Travel to Vietnam: Hue: the Citadel
Vietnam has a very long history, and Hue figures only in a near-to-final chapter as the capital of the country's last dynasty. The Nguyen Dynasty ruled from 1802 to 1945, and much of that time it was a French puppet. What did this dynasty's capital look like? Vietnam had been ruled directly by the Chinese for over a thousand years, and so it is no surprise that Hue was designed as a Chinese capital in all but name.
The citadel is roughly square, with an outer wall of about 6 miles in total length.
The citadel is built on the Perfume River, and at the midpoint of the side facing the river there is a bastian with a flagpole tower. There's nothing "oriental" about the design: it's straight from the Vauban pattern book, except that the flagpole marks the south end of an axis that runs north through the palace grounds. Along that axis everything is symmetrically balanced.
The entrance to the citadel on the river side is through the Tian Mon, or Front Gate.
The citadel moat, with a bit of the next gate peeping over the trees.
Once inside the citadel, you immediately face another moat and wall, this time that of the Imperial Enclosure. Entry is through the Ngo Mon or Moon gate. It may look timeless, but it was built when Andy Jackson was in the White House. Construction of the citadel as a whole spanned three decades, from 1804 until 1833.
The axis beginning at the flagpole runs right through the center of this gate.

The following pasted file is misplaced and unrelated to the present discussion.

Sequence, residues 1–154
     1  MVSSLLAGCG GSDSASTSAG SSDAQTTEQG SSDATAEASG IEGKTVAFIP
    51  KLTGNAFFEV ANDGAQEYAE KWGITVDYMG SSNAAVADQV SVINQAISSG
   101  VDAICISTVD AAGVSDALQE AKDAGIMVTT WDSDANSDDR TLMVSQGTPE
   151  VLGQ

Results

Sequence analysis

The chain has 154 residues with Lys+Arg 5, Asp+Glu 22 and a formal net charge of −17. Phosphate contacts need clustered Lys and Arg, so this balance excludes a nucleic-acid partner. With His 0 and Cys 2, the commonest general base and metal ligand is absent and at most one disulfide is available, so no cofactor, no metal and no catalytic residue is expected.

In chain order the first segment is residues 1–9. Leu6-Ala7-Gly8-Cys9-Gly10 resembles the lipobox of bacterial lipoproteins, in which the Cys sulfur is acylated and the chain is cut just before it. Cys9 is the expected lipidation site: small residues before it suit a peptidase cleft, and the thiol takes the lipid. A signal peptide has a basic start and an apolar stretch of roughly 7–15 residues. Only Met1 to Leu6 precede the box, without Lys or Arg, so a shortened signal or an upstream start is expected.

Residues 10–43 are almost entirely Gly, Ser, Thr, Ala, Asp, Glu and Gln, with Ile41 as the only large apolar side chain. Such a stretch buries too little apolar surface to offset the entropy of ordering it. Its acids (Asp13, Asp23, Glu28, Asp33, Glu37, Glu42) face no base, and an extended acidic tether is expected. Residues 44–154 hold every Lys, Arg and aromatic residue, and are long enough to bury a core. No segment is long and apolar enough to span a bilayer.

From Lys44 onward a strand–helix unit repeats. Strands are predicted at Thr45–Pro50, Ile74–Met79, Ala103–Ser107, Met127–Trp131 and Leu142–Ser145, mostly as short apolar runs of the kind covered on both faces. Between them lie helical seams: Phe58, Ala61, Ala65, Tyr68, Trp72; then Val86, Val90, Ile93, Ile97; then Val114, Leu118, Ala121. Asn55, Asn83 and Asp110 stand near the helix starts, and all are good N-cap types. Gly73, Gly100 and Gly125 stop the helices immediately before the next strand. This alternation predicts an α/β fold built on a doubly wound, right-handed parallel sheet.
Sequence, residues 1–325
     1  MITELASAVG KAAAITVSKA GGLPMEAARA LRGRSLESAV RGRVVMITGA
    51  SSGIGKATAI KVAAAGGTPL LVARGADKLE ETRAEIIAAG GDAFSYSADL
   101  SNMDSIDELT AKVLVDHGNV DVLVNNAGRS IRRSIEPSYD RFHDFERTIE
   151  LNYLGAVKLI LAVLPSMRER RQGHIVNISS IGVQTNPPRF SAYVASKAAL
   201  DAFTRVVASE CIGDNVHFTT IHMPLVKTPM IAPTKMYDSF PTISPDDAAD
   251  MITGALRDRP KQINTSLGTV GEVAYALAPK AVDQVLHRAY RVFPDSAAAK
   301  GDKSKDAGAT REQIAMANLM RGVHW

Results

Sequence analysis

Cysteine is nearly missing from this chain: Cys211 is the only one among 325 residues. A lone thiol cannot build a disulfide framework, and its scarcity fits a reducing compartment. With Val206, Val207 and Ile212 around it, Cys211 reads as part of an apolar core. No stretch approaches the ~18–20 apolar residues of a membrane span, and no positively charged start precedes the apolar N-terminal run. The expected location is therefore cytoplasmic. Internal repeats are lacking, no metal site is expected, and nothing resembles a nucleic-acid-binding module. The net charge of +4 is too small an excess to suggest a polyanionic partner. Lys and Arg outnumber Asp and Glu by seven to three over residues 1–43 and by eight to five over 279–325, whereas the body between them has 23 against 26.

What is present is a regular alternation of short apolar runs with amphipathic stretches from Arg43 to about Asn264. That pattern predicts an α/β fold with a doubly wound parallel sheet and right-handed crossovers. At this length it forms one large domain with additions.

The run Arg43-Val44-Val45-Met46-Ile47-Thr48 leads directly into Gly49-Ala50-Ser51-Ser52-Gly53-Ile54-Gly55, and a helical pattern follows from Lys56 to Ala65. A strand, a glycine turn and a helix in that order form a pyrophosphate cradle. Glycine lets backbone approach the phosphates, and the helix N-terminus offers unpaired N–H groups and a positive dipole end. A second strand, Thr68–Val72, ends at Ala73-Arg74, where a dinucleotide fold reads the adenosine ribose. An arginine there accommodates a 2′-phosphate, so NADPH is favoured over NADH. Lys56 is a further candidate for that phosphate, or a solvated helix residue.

The gate is in two parts, with the Ngu Phung Pavilion atop a masonry foundation. This was the site where the last Nguyen emperor, Bao Dai, abdicated in 1945.
Inside the gate, the view is north across a pond, the Thai Dich Lake, to the Hall of Supreme Harmony or Thai Hoa Palace.
A view from the gate-top pavilion over Thai Dich Lake, the Trung Dao Bridge, and Hall of Supreme Harmony.
The columns are undersized, at least in comparison with those at Beijing.
The interior, with 80 ironwood columns, is more impressive. Audiences were held in this room on the first and 15th day of each lunar month, and there were additional ceremonies on special days such as the emperor's birthday.
Continuing north, there is a courtyard sheathed right and left by identical buildings, the Halls of the Mandarins. The cauldrons are from the 17th century, which means that they were antiques before the palace was even begun.
An air photo looking south over the Hall of Supreme Harmony, the Trung Dao Bridge, the Moon Gate, and th4e Flagpole Tower. Beyong, the Song Huong or Perfume River.
View across the courtyard.
A third wall, circling the Forbidden Purple City.
The king's and queen's residences were here.
Within this innermost enclosure, the only building to escaped destruction in 1947, when the French reoccupied Hue, was the Thai Binh Reading Pavilion.
It's in poor but recognizable shape.
Ornamentation is lavish.
Bits of ceramic tile are assembled like jewelry.
A screen flanks the east side of the building.
Looking southwest across a pond toward the reading room.
Moat feeding the pond.
Water gate leading out of the Forbidden Purple City.
The western third of the Imperial Enclosure is devoted to temples and subsidiary palaces. Here, the entrance to the To Mieu Temple, where Nguyen monarchs were worshipped.
Nine dynastic urns, cast in honor of the Nguyen Dynasty kings.
Interior, restored in 1951.
Hien Lam Cac, one of several places for worship of meritorious officials.
The Imperial Enclosure occupies probably little more than a tenth of the area within the citadel, most of which is a very lively residential neighborhood.
Streets and alleys are neatly gridded.
The Ngu Ha Canal runs through the citadel north of the imperial enclosure.
Market within the citadel.
East gate of citadel, with later fortification.
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